Planning: Late Development Stage

  • Competition: While a marketer may not face competition in terms of sales, they may face competitive pressure from companies developing similar products, such as competition to acquire materials or technologies for product development, competition to line up product evaluators, and competition to get the early word out about the product to the news media. Additionally, competition may exist in the form of other types of products that potential customers currently use to satisfy needs targeted by the new product form. If these competitors are aware that a new product form is being developed, they may increase efforts to sell their product with the intention of reducing the market’s need for the new product.
  • Target Market: Companies may test market the product among a small group of customers or within a selected geographic market.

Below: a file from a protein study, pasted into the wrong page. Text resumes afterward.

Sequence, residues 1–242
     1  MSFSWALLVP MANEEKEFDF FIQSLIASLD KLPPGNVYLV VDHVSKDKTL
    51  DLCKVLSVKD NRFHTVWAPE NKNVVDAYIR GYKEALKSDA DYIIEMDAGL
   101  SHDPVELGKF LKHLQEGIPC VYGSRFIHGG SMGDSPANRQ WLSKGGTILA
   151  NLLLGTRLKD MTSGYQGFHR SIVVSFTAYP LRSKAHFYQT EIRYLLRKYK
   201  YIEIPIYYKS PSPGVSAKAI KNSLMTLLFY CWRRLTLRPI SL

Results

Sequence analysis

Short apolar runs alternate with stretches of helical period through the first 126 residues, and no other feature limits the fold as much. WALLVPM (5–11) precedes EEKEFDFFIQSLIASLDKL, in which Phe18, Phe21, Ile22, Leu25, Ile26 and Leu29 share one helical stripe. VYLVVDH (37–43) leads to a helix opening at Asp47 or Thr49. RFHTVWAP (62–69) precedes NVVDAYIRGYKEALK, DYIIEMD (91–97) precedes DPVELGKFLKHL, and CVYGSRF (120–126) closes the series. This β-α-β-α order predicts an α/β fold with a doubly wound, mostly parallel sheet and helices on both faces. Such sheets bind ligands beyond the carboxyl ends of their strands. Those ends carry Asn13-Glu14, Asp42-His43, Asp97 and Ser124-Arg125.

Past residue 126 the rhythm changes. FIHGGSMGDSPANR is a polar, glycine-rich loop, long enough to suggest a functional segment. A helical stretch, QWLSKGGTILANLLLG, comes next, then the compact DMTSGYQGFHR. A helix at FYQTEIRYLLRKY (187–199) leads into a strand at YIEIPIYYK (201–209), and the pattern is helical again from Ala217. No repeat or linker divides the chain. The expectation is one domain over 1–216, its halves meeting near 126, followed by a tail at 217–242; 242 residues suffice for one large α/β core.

• Product: Companies researching the product form begin to produce small quantities of the product, primarily for testing or to build initial awareness (e.g., for display at trade shows).
  • Prices: Initial market price is discussed and if there are active test markets the company may be testing different price levels.
  • Promotion: Promotion often begins prior to product launch as marketers prime the market. Emphasis may be on public relations in an attempt to encourage the media to discuss the product prior to launch. If a real test market is used, companies may be using several promotional options, including advertising and sales promotion.
  • Distribution: For product sold through distributors, the ground work is being laid to build the distribution network. In some cases, distributor education and training will start prior to product launch.
  • Profits: A small amount of revenue may be generated if real test markets are used but, for the most part. marketers continue to experience substantial costs.
Brand Strategy

Products that have moved to the late stage of development have done so because marketing research suggests there is strong potential for success. By this point, a marketer has a real product (not just ideas) and is in the position to test it in the market. Consequently, this stage matches the Market Testing step for New Product Development. Firms electing to test their product in real “test markets” will do so using all their marketing tools.